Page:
Saving the £?

Tom Bodden’s report on the SNP’s drive for independence refers to one aspect of the SNP’s proposals which I hadn’t previously realised.  An independent Scotland, he says, “would retain the pound as its currency and any decision to join the Euro would be taken in a referendum”.  That surprises me somewhat.
I can understand the political imperative behind it.  It makes the independence option look a little ‘safer’.  And I’ve heard many nationalists in Wales arguing that an independent Wales should retain the pound as well.  But it’s the economic rationale that I don’t understand.
As a part of a unitary state called the UK, with its own currency called the pound, Wales and Scotland send MPs to the Parliament in London, where they have as much (or as little) influence over monetary policy as any other MPs.  As direct members of the European Union and part of the Eurozone, Wales and Scotland would have as much (or, again, as little) influence on monetary policy for that zone as any other states of comparable size.
But to be part of a currency union with another country whilst having completely separate governing arrangements would mean having no influence whatsoever over monetary policy, and being completely at the mercy of decisions taken elsewhere.  I don’t understand why anyone would want to go from ‘not having very much influence’ to ‘having no influence at all’ over one of the main levers of policy affecting their economy.
I sympathise with the desire by some to see an independent Wales (or Scotland) adopting a currency of its own.  It makes a certain sense from a nationalist perspective, and puts the maximum level of power over monetary policy into the hands of the Welsh Government.  But it also seems to me to be attempting to swim against the tide of history.  For all its troubles, I’m still convinced that european currency union is here to stay, and that membership of that union is the least worst option for a newly independent state.
I’d rank an independent currency as the second option though.  But being an independent country and sticking with the pound looks to me like the worst of all worlds option.

Tuesday 25 October 2011

Unionists and separatists

Two short-hand terms for very different political outlooks, but I don’t really like either term.  Neither really conveys what it is that people are about.  The debate and vote in the UK parliament yesterday underlines the limitations of the terms as explanations of the political stance of the respective camps.
In that vote, the ‘unionists’ were those supporting the continued existence of the European Union, whilst the ‘separatists’ were those demanding an immediate vote on exit.  Yet, when it comes to the future of Wales and Scotland, yesterday’s UK ‘separatists’ tend to find themselves in the unionist camp, whilst those of us at whom the term ‘separatist’ is frequently hurled by way of insult tend to be supportive of the European Union (even if we don’t always agree on the form of that union).
Those who seem most keen to tell us that ‘we’re stronger together’ often seem to take quite the opposite view when it comes to that strange place which they call Europe, of which they think that the islands of Britain are somehow not quite a proper part.  The fact that their belief in the value of union and togetherness stops at the white cliffs fatally undermines the integrity of their argument about strength in unity when applied ‘domestically’.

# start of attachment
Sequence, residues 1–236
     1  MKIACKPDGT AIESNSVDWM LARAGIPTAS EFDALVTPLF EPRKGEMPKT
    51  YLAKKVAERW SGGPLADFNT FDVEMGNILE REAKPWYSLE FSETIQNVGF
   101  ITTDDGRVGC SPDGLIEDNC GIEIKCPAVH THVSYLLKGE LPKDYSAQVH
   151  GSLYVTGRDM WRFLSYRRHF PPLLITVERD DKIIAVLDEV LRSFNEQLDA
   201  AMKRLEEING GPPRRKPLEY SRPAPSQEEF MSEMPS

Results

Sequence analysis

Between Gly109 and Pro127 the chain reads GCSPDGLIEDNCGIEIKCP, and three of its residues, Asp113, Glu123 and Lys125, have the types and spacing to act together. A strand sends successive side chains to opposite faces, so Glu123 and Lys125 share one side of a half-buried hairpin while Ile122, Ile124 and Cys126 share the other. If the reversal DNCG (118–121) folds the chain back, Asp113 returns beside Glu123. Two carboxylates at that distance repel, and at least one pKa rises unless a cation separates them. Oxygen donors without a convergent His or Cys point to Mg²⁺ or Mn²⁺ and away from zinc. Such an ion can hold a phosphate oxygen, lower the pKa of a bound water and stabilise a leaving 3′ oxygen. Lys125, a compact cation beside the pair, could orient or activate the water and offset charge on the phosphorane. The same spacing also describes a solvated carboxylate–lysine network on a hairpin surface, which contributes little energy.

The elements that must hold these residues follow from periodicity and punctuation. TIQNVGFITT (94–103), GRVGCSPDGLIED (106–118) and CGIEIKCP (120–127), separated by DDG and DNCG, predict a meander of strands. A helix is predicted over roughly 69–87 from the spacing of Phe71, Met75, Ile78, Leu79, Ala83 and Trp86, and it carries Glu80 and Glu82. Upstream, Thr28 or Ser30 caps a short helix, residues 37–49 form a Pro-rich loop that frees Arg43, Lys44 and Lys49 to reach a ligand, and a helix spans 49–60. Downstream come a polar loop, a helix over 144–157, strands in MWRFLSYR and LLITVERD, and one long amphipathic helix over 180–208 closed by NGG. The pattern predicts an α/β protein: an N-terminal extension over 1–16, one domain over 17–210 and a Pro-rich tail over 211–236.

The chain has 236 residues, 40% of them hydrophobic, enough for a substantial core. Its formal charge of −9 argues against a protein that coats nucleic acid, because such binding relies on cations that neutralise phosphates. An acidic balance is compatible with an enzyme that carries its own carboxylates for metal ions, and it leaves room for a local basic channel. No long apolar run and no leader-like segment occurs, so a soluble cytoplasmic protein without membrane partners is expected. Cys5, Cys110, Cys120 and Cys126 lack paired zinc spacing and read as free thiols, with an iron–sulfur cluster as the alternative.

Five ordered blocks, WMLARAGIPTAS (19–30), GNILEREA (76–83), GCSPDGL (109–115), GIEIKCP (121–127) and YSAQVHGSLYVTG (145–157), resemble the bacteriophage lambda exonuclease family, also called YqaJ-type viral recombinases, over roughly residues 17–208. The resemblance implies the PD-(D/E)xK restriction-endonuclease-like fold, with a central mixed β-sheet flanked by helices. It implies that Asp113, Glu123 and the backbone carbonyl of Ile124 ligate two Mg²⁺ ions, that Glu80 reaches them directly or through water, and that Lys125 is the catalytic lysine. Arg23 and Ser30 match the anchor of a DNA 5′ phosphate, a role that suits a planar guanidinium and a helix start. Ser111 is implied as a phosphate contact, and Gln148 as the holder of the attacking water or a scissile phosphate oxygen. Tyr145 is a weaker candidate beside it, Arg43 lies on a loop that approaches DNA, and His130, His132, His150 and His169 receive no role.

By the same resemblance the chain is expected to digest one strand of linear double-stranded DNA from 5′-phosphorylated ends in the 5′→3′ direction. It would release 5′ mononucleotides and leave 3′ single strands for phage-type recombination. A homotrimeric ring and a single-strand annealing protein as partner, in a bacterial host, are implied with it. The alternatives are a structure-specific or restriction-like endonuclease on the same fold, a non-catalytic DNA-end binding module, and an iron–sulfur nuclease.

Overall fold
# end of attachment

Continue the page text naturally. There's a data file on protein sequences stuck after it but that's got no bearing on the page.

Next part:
The size of the rebellion yesterday should concern us; it suggests to me that the real level of hostility to the EU within the Conservative Party is much greater.  The tactics of the Government in trying to tell the rebels that they agree with them really, and that it’s just a question of timing, underline that change in mood.  I wasn’t overly impressed with Miliband’s contribution either, telling MPs that Britain could not afford to leave the EU at the moment.  That’s hardly a robust counter-argument.
We’re at a point in history where Scotland seems poised to rejoin the world as a free nation, and there is at least a chance that Wales would follow later; it would be perverse if the UK Government were to decide that this was the time to try and stop the world and get off.  The attitude of the 'separatists' is probably one of the consequences of the imperial past, but the failure to accept and understand that ‘the past’ is where that attitude belongs is one which can only lead to further decline.
I want to see Wales and Scotland taking their places at the European table.  And I hope that, when we get there, England will choose to be there as well.  But I’m less confident about that now than I used to be.

Monday 24 October 2011

Trailing Scotland

The momentum behind the SNP’s drive towards Scottish independence shows no sign of flagging any time soon.  Quite the reverse, it seems to be growing.  And the gulf between what is happening in Scotland and what is happening in Wales is large and increasing.
Wales isn’t Scotland of course.  At times in the 60s and 70s it seemed that the progress of the two nations was on parallel paths, but the reality was that Scotland always started ahead, because of the different nature of the relationship with the rest of the UK, and the continued existence of national institutions north of the border where the equivalent institutions in Wales were organised on an EnglandandWales basis.